Typically, newborns are tested for infectious diseases only if they show signs and symptoms. Currently, asymptomatic newborns may be screened for two infectious diseases: HIV or hepatitis B. Usually these screening tests are only performed if it is known that the mother has the disease or if she was not tested during the pregnancy and therefore her disease status is unknown. Some states mandate HIV testing of all newborns. Though the newborns may show no signs or symptoms of infection, they may have contracted the disease during the pregnancy or birth. Treatment can be administered soon after birth to protect the health of the newborn.

  • HIV

    Human immunodeficiency virus (HIV) is the virus that causes AIDS (acquired immunodeficiency syndrome). The infection can pass from an infected mother to her child during pregnancy, delivery, or breastfeeding (see HIV Screening during Pregnancy).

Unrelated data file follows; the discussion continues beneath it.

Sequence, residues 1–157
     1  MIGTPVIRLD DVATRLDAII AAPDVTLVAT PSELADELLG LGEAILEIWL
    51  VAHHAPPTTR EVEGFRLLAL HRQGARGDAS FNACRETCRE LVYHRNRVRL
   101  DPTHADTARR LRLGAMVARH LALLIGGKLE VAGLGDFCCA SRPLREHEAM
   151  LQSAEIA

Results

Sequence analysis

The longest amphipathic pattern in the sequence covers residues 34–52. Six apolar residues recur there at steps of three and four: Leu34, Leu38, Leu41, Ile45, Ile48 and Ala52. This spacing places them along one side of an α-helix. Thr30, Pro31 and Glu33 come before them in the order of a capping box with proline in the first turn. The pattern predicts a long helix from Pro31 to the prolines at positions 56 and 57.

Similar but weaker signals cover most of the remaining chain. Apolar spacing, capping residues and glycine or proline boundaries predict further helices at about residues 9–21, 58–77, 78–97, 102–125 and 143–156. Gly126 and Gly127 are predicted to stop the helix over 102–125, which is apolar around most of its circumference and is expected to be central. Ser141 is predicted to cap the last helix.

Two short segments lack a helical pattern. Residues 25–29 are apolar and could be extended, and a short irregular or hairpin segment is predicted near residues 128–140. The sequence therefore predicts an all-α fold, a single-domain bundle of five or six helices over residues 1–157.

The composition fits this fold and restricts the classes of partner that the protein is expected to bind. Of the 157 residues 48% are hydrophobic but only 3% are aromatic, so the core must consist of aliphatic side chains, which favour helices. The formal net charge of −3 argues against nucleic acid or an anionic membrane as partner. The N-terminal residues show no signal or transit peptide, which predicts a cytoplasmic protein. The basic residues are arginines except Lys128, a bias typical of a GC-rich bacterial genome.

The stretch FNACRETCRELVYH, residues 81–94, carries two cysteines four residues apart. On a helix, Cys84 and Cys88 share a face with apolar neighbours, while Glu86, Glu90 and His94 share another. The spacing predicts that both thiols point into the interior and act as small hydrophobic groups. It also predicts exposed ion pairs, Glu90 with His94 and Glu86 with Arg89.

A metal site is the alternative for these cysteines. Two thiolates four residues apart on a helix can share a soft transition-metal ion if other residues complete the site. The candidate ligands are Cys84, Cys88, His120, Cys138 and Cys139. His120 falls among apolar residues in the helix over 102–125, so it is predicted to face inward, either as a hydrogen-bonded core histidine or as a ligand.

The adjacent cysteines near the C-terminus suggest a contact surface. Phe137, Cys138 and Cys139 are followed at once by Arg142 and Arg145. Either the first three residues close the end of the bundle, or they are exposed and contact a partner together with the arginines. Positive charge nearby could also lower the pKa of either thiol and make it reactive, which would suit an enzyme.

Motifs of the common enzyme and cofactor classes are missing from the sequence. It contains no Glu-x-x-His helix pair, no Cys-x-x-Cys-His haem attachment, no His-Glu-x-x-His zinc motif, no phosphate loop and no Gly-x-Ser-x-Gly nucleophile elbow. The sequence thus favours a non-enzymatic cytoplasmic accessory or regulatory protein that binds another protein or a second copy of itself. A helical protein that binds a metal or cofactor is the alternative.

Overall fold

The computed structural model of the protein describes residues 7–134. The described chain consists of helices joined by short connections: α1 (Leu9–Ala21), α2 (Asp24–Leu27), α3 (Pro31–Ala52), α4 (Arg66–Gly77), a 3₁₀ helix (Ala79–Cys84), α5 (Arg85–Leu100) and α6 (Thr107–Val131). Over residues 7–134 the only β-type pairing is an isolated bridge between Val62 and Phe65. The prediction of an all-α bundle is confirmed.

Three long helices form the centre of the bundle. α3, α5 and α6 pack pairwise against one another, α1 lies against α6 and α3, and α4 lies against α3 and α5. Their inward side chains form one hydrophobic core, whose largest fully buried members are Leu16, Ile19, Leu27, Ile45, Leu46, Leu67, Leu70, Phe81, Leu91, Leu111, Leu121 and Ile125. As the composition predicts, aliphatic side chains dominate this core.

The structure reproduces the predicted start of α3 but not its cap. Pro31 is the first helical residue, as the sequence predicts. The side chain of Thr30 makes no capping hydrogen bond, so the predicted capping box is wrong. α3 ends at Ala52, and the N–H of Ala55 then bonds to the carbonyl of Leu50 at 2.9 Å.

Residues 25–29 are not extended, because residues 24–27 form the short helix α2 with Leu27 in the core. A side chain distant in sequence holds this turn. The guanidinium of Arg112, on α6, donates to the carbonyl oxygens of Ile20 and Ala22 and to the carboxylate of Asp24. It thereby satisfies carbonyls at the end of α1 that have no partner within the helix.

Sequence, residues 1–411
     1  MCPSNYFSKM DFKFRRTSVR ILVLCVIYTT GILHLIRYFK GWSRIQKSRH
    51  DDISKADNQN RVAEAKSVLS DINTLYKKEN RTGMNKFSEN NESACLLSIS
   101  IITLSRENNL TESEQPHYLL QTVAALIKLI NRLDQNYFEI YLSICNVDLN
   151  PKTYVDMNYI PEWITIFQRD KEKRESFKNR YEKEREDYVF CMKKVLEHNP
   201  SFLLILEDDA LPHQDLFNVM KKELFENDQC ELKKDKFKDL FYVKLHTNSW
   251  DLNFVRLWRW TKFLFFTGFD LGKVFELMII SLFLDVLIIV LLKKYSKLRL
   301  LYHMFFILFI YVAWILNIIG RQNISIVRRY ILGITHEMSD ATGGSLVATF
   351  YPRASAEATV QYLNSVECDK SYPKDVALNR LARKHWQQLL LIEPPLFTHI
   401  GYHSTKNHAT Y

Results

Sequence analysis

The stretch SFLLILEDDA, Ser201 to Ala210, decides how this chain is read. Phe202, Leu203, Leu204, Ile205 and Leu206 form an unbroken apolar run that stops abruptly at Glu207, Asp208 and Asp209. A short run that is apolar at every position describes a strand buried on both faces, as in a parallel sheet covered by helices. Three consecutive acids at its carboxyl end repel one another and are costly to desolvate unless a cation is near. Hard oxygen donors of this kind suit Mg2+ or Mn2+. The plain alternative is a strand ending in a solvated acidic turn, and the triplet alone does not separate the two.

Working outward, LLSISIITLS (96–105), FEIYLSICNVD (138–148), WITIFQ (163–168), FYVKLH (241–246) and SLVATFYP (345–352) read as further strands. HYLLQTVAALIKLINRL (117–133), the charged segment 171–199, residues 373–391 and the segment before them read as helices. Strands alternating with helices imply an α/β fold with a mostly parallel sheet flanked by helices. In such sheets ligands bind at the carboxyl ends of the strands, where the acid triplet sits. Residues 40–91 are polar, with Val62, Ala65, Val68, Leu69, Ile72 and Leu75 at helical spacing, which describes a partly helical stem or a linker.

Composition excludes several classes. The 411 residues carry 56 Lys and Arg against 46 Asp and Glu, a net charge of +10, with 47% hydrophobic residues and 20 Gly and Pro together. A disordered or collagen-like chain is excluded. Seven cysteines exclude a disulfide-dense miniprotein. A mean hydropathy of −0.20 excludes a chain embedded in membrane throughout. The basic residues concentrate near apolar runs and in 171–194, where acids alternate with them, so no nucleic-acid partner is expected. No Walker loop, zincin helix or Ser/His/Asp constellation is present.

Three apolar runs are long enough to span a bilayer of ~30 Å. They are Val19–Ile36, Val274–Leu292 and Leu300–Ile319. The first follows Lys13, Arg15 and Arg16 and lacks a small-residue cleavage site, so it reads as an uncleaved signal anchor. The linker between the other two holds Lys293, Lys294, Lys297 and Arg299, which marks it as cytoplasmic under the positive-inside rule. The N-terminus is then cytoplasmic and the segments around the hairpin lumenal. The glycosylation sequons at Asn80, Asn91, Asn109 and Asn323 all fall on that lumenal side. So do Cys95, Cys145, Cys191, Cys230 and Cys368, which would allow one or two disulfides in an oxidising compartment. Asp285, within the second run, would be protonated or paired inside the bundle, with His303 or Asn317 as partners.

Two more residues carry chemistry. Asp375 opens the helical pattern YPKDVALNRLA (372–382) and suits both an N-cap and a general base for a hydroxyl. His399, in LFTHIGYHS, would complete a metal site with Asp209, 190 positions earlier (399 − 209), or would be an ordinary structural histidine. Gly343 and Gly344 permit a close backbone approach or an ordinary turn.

Most AIDS cases in children in the United States result from mother-to-baby transmission. If a mother with HIV does not receive treatment during the pregnancy, the child has a 1 in 4 chance of getting HIV. With timely treatment, however, fewer than 2% of children of infected mothers get the virus.

    Thanks to aggressive screening and early intervention, the United States has seen a steady decline in new AIDS cases in children. The best way to protect the child's health is to detect the HIV infection as early as possible during pregnancy (or before a woman gets pregnant), treat the mother with medication, and make birthing plans to help the baby avoid infection (such as a C-section rather than vaginal birth).